Henry Louis Gehrig
Born June 19, 1903 – Died June 2, 1941
Lou Gehrig was an American professional baseball player wgo played 17 seasons in Major League Baseball (MLB) for the New York Yankees from 1923-1939.
Gehrig was renowned for his prowess as a hitter and for his durability, which earned him his nickname "the Iron Horse". He is widely regarded as one of the greatest baseball players of all time. He was an All-Star seven consecutive times,Triple Crown Winner once an American League (AL) Most Valuable Player twice and a member of six World Series Championship teams.
A native of New York City, Gehrig signed with the Yankees on April 29, 1923. He set several major-league records during his career with the consecutive played games streak of 2,130 which stood for 56 years until it was surpassed by Carl Ripken in 1995.
Gehrig's consecutive game streak ended on May 2, 1939, when he voluntarily took himself out of the lineup, stunning both players and fans, after his performance on the field became hampered by an undiagnosed ailment subsequently confirmed to be ALS (amyotrophic lateral sclerosis) ALS is an incurable neuromuscular illness, now commonly referred to in much of the world as "Lou Gehrig's disease”.
The disease forced him to retire at age 36 when he was diagnosed on his birthday June 19,1939 and claimed his life two years later June 2, 1941.
The pathos of his farewell from baseball was capped off by his iconic 1939 "Luckiest Man on the Face of the Earth" speech at Yankee Stadium.
In 1969, the Baseball Writers Association of Ameri voted Gehrig the greatest first baseman of all time.
On June 2, 2021, after 80 years from Lou Gehrig’s death, MLB commentated June 2 as Lou Gehrig Day across the nation at all MLB stadiums.
Died September 26, 1966
The Michael Cimbura Story. At the beginning of 2015, just 6 years ago, Mike Cimbura was a vibrant, adventurous loving husband and father who was about to have his entired world turned upside down.
On January 11, 2015 Mike was diagonsed with ALS. His wife, Nicole, and their 3 beautiful children, Seide, Aiden & Elle along with Mike vowed to fight this horrible disease and do whatever they could to bring greater awareness to the public and to fight at the govermental level to bring change to a disease that not much has changed since 1941 when baseball star, Lou Gehrig died from ALS.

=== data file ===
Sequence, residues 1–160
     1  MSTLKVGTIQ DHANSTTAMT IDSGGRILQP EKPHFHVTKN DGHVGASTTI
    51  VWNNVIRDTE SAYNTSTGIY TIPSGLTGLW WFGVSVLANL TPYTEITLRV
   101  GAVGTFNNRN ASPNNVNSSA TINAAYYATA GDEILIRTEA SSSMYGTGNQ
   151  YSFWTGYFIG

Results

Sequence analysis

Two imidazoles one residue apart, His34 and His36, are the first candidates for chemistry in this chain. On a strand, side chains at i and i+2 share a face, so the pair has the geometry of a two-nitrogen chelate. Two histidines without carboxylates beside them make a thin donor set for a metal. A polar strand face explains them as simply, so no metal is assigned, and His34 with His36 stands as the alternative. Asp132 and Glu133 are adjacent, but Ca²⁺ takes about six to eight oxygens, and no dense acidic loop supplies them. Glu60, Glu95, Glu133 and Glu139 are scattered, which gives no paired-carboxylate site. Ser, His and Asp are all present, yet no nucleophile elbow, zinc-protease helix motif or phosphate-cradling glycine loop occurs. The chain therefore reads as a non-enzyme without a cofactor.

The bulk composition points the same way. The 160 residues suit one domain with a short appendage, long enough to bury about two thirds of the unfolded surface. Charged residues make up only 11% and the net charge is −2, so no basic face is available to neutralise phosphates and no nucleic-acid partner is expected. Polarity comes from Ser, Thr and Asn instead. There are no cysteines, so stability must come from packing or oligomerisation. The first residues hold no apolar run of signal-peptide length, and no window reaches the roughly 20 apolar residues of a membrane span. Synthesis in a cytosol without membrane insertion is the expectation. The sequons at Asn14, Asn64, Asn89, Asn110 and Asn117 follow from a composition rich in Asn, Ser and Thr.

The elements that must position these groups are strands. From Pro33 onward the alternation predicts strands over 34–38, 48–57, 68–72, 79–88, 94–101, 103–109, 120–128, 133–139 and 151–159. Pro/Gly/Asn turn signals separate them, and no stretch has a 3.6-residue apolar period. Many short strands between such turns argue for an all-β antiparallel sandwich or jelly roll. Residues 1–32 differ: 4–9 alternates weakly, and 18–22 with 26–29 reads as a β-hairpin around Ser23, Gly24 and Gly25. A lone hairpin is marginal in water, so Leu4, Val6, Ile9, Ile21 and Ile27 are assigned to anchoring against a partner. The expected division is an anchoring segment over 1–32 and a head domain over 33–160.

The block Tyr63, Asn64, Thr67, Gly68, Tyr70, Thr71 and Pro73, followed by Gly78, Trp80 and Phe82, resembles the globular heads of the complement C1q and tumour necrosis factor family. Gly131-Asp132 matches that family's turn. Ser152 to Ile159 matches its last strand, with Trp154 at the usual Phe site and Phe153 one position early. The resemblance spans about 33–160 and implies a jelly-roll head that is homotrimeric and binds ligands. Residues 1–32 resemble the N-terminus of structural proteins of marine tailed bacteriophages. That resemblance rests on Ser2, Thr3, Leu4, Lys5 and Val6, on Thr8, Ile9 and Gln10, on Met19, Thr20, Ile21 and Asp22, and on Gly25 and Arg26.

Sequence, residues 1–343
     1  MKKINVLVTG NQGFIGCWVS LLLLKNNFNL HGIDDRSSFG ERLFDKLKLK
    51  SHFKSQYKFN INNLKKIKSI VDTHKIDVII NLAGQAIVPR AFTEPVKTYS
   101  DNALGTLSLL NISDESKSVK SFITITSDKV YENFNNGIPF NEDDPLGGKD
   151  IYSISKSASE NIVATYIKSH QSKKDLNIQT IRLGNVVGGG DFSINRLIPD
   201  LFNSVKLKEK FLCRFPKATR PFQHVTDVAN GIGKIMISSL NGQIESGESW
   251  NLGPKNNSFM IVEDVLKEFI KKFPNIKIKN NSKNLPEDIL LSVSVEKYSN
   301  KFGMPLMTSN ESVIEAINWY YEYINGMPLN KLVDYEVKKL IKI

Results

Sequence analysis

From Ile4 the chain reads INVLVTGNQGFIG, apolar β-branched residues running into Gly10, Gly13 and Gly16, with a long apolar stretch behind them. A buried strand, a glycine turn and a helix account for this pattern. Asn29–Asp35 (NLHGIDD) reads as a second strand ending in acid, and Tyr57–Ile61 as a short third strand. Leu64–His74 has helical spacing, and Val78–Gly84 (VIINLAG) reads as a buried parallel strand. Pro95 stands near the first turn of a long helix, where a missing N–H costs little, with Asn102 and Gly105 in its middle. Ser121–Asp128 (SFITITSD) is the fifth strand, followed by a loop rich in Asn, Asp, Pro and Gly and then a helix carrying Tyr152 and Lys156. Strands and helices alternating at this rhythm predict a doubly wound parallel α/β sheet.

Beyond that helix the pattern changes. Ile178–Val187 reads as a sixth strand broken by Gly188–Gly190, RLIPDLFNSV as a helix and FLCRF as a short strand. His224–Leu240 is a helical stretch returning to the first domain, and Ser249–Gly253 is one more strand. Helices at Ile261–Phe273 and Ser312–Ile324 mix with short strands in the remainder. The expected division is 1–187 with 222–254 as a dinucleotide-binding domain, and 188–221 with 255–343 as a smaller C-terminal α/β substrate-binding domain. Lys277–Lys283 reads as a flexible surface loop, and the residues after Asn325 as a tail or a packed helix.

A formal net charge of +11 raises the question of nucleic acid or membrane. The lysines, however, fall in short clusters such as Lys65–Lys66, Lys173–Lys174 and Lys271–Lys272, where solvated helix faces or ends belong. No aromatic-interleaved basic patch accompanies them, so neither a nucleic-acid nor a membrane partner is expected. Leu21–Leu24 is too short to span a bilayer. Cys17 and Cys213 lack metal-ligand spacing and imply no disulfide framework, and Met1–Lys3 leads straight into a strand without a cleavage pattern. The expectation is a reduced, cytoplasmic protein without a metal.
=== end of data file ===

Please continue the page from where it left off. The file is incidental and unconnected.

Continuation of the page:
Fight, that is just what they did. Mike lived on a street call Hackberry Lane in Highlands Ranch, Colorado along with a group of neighbors who were also his cycling buddies. After Mike’s diagnosis, two of his neighbors, Chris Baker and Mike Besser with a couple of Mike’s Racing Teammates, decided to do a charity ride they had heard about, The DEATH RIDE Tour .. Ride 2 Conquer ALS. They trained hard for the June event knowing it would be quite a challenge but not anywhere near the challenge Mike and his family were facing.While at a fundraising event, Mike Besser asked founder Barry Sopinsky if Mike could come to the event as a guest speaker. Barry immediately jumped on the idea and that June 2015, Mike and his son Aiden came for the last day finish from Durango back to Silverton. Mike was truly an inspiration to the riders speaking to them about his ALS and his Never Quit Philosophy.
At that time Mike was still able to walk and talk but he was losing weight and getting weaker day by day.Barry did not hear from Mike until the spring of the following year. That’s when he received an email from Mike saying that he wanted to participate in the upcoming 2016 DEATH RIDE Tour VII. Unfortunately, by now, Mike was confined to a wheelchair, breathing with a ventilator and speaking with an eyes gaze computer.
Barry had no idea how or what kind of bike could take an individual in Mike’s condition (breathing on a ventilator that required electicity) on a 235-mile bicycle ride over 5 mountain passes and 17,000 feet of elevation gain. Well that was until Barry found out about Zach Yendra and the “Bootlegger Bike".
The rest is history and another story that Barry would love to tell you at the event if you are new to the DEATH RIDE Tour. Here are some quick foot notes: Mike and Zach did the DEATH RIDE Tour 3 years in a row, 2016, 2017 & 2018. Mike was anxiously awaiting summer and his 4th DRT, which was the DEATH RIDE Tour’s 10th Anniversary. Unfortunately, Mike passed away on March 18, 2019, 3 months prior to the event. Mike’s legacy as the an Event Angel of Life, will live on for as long as people like you continue to ride in Mike's memory. my Dad's and all the other fallen ALS Warriors.
Died March 18, 2019
Please consider making a donation in memory of Mike. All donations will go directly to ALS-TDI, the #1 ALS research center dedicated 100% for finding a cure for ALS.
By 2013, I had run a marathon and done 9 triathlons, including a 70.3-mile half Ironman.
In 8 months I went from the strongest I’d ever been to walking with a cane – and I was diagnosed with ALS in May 2014, at the age of 33.
So what do you do when you’re told that you’re going to die in the next 2-5 years? That there is no treatment and no cure.
And that before you die, you will lose the ability to walk, talk, move, eat, and breathe?
My husband and I had just bought a house. We were planning to start a family.
I realized is that if there was something I really wanted to do – I needed to do it now.